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New study provides an economic analysis of regional building land prices in Austria

Christian Reiner, lecturer and senior researcher at Lauder Business School, has published a new research paper in the peer-reviewed journal “Review of Regional Research”. The paper, co-authored together with Robert Musil from the Institute of Urban and Regional Research at the Austrian Academy of Sciences, contributes to the debates that have accompanied the global housing boom which started around the year 2000.

While these debates primarily focussed on the economic and social implications for urban housing markets, the current research analyses the repercussions for regional land prices of a national housing boom in and beyond agglomerations. Topics like convergence and divergence dynamics, regional price drivers, and spatial diffusion are investigated by examining the average building-land prices of 95 Austrian regions between 2000 and 2018.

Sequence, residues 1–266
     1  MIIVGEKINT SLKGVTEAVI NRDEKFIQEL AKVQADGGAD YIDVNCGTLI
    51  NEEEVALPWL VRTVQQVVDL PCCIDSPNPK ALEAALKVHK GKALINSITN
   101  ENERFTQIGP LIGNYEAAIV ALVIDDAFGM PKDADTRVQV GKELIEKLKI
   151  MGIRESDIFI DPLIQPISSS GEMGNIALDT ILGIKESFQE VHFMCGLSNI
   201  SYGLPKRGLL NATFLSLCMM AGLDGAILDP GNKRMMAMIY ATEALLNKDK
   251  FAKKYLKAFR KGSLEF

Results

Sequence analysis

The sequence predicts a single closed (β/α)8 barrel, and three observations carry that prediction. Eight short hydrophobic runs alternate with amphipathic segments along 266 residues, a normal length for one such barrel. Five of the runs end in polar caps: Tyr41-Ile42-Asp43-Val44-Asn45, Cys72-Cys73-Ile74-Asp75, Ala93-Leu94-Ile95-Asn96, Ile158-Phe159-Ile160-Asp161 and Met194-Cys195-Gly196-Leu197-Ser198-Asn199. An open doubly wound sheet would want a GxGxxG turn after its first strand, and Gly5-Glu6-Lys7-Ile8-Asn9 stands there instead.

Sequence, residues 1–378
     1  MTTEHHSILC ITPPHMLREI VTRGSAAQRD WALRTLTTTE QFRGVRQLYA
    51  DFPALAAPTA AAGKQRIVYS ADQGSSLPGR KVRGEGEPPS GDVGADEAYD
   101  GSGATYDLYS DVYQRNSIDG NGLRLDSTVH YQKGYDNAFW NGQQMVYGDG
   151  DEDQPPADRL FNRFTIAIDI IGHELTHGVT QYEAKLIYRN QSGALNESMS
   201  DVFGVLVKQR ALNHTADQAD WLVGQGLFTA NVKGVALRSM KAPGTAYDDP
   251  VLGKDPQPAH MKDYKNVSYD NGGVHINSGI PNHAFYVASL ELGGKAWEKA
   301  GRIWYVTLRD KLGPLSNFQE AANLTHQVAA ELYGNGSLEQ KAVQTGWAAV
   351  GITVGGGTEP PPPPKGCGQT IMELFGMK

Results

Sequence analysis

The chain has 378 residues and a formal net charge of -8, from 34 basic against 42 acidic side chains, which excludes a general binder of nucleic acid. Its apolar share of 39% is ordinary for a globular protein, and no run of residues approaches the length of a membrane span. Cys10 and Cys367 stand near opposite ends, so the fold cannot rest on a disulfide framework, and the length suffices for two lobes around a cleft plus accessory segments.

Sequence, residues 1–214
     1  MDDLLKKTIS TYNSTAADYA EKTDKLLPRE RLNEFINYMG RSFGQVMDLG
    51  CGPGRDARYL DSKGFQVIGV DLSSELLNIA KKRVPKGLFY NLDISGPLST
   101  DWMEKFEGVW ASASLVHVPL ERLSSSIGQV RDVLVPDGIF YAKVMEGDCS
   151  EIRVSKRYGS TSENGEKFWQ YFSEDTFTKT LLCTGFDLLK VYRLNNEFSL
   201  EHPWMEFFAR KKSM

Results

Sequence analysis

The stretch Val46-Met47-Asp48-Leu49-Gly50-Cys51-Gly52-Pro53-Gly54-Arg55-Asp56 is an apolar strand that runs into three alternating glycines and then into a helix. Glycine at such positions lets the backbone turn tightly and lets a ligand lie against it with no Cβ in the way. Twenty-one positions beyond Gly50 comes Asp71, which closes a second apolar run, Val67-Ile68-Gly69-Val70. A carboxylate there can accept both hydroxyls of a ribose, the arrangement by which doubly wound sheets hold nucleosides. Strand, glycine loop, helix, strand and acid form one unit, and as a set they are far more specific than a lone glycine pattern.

The results indicate a clear increase in regional disparities in land prices, with the main rise taking place during a high price-growth period. Regions with high land prices are the main drivers of divergence, while a substantial number of peripheral regions with converging land prices were hardly affected by the national price boom. Land-price growth rates are positively affected by the number of households but negatively impacted by income growth, which points to a problematic decoupling of household income and land prices. Finally, the diffusion of the land-price boom occurs along the urban hierarchy as well as via neighboring regions, confirming the ripple-effect hypothesis.

For a full account of the results and findings, please click here.


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